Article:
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Facebook Live for Business: Here’s How to Do It Right

Looking for new opportunities to engage your audience?


Try going live.

Facebook Live is a video feature on Facebook that lets people and pages share live video with their followers and friends on Facebook. Viewers can respond, comment, and see the reactions of others watching, allowing them to take part in the action of the broadcast.

Since rolling out in 2016, brands have used Facebook Live to connect in an interactive way. The increased opportunity for engagement is paying off: Facebook reported that users comment over 10x more on Facebook Live videos than on regular videos.

We’ve already recommended including video in your 2017 marketing plan, and going live is a great option for doing it.

So, if you’ve decided to use Facebook Live for your business, get ahead of the game with these best practices for before, during, and after you go live.

Before You Broadcast

In the weeks and days leading up to your broadcast, there are several things you or your team should consider. Keep in mind that preparing ahead of time will (hopefully) make things run much smoother the day of. Here are a few things you can do to prepare:

  • Establish timing: Decide the day and time of your broadcast, and consider how long you plan to stay live (we recommend at least 10 minutes, but Facebook allows up to four hours). Keep in mind, the longer your broadcast, the more opportunity people may have to come across it on their newsfeed.
  • Assign roles and responsibilities: Even if you’re only planning a short broadcast, clear expectations around responsibilities are a must. At the minimum, these are the roles you’ll need:
    • Broadcaster: Responsible for hosting the live event and interacting/engaging with the audience.
    • Channel Manager: Responsible for promoting the broadcast, monitoring the event and responding to comments in real-time, and assisting the broadcaster when live.
  • Promote, promote, promote: Use the time leading up to your broadcast date to publish promotional content on your page. Doing so will help drive awareness and interest among your audience ahead of time.
    • Quick tip: Leverage your network by providing influencers with content to distribute across their channels in advance to expand the potential reach of the broadcast.
  • Write a compelling description: Your description will appear alongside the broadcast in newsfeeds, so make sure it entices people to tune in. Have this written ahead of time so you’re ready to post the day of. 

The Day of the Broadcast

First step: Breathe. Second step: Take care of any loose ends, like ensuring both your physical environment and post settings are broadcast ready. Here’s what you should do:

  • Make sure you’re connected: A poor wireless connection can ruin an otherwise great broadcast. Avoid any potential snafus by making sure your location provides a strong and reliable network. If that’s not an option, verify that you can establish a 4G connection instead.
  • Choose your privacy setting: Unless you want a limited audience or are simply testing the broadcast, make sure your Facebook Live feed is set to “Public” to ensure the widest possible audience.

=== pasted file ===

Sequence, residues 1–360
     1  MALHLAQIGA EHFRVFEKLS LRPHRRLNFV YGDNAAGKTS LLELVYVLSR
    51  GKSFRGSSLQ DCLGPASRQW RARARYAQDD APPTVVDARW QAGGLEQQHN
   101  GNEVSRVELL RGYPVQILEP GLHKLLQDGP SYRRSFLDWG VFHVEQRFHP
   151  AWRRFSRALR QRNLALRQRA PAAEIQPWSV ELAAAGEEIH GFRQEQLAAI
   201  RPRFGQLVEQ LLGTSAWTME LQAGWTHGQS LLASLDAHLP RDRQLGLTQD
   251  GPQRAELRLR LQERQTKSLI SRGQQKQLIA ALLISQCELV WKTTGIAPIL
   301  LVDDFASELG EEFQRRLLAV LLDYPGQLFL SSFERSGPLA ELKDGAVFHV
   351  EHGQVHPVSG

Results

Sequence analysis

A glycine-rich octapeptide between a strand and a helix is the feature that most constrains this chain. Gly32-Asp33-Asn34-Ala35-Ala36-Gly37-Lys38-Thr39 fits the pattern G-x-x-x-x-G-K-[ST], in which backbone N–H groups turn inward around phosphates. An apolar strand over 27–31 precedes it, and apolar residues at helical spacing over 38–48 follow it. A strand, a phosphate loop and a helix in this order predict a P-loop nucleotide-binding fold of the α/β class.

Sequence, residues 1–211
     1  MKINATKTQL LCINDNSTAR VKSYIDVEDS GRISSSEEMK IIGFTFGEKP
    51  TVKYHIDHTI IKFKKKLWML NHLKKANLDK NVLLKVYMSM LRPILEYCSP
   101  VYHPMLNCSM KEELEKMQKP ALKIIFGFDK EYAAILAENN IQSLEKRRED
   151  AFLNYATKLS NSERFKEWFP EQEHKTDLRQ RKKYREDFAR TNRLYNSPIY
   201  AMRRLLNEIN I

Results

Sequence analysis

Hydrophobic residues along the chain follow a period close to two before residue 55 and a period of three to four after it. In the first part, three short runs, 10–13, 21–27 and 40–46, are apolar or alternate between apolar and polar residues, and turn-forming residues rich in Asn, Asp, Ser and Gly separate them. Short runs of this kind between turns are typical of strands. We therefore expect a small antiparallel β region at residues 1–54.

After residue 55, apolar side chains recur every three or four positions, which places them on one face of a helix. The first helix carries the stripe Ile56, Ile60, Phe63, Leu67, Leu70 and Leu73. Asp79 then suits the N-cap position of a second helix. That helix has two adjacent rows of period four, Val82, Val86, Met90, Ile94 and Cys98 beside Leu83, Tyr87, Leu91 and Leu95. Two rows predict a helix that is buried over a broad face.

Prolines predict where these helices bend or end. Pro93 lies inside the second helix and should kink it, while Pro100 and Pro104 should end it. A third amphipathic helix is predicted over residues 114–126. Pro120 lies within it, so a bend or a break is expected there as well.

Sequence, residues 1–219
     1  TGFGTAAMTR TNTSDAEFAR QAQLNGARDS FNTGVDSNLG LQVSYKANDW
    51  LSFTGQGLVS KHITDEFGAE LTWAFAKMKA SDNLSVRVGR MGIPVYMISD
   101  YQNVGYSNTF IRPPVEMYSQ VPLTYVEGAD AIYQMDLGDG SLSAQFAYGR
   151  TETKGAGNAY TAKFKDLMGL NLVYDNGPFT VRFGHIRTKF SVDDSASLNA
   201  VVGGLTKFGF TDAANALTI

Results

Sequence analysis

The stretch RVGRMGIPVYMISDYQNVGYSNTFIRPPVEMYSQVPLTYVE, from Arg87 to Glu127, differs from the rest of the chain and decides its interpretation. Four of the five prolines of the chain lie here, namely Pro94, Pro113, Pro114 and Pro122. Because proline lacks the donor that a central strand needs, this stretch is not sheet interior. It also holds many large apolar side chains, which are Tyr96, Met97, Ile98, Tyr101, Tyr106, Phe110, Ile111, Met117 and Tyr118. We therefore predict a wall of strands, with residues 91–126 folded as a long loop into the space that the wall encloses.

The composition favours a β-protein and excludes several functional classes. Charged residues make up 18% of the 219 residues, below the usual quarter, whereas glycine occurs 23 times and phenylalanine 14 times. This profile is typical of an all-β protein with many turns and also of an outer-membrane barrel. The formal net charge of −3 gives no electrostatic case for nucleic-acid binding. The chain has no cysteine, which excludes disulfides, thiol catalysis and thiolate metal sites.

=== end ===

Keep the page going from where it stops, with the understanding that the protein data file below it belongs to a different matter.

During the Broadcast

The moment that little red “LIVE” appears on your video stream, it’s go-time. Keep your broadcast running strong with these recommendations for the designated channel manager, broadcaster, and any additional on-screen team members:

  • Be responsive and attentive: As users tune in, make sure the Broadcaster and/or Channel Manager are in sync with one another and interacting with commenters in a timely manner.
    • Quick tip: Using commenters’ names when you interact with them will help people feel more involved, and can help foster relationships with the audience.
  • Don’t be afraid to go off-script: If something noteworthy appears in the comments section, feel free to integrate it into your broadcast. Doing so will strengthen your connection to the audience, and potentially create opportunities for engagement, like saying “Thumbs up if you agree with her comment!”
  • Remind viewers of the who, what, where, and why: Remember, not all viewers are tuning in at the same time. Find ways to remind them what your broadcast is for, who you are or who you’re with (if it’s an interview or panel), and what you’re discussing.

Post-Broadcast

You've signed off and yelled cut - but now what? These are the three key things you should do after any and every broadcast (you can thank us later):

  • Save the video: It seems simple, but it’s a step you won’t want to forget. Select the “Save video to your camera roll” option that appears on screen after you’ve completed the live broadcast. Saving the video makes it possible to view the broadcast offline, and post it on other channels if need-be.
  • Say thanks: Ultimately, your viewers are the difference between a successful live broadcast and one that falls flat. Share your appreciation by adding a post-show thank you message to the comments section of your video.
  • Analyze the video: Review and take notes on your broadcast’s performance, since the engagement you received may spark ideas for future events, problem solving, and content topics. Here are some key performance metrics provided by Facebook:
    • Minutes viewed
    • Unique viewers and peak live viewers
    • Video views and 10-second views
    • Average percent completion
    • People reached
    • Reactions, comments, shares

Using these best practices means fewer potential issues when you go live, and more time to focus on hosting an enjoyable broadcast that generates audience engagement.

Have you considered using Facebook Live for your business? Let us know what you learned from the experience on Twitter at @QuattroPhilly.

Sarah Falchuk

Digital Marketing Manager

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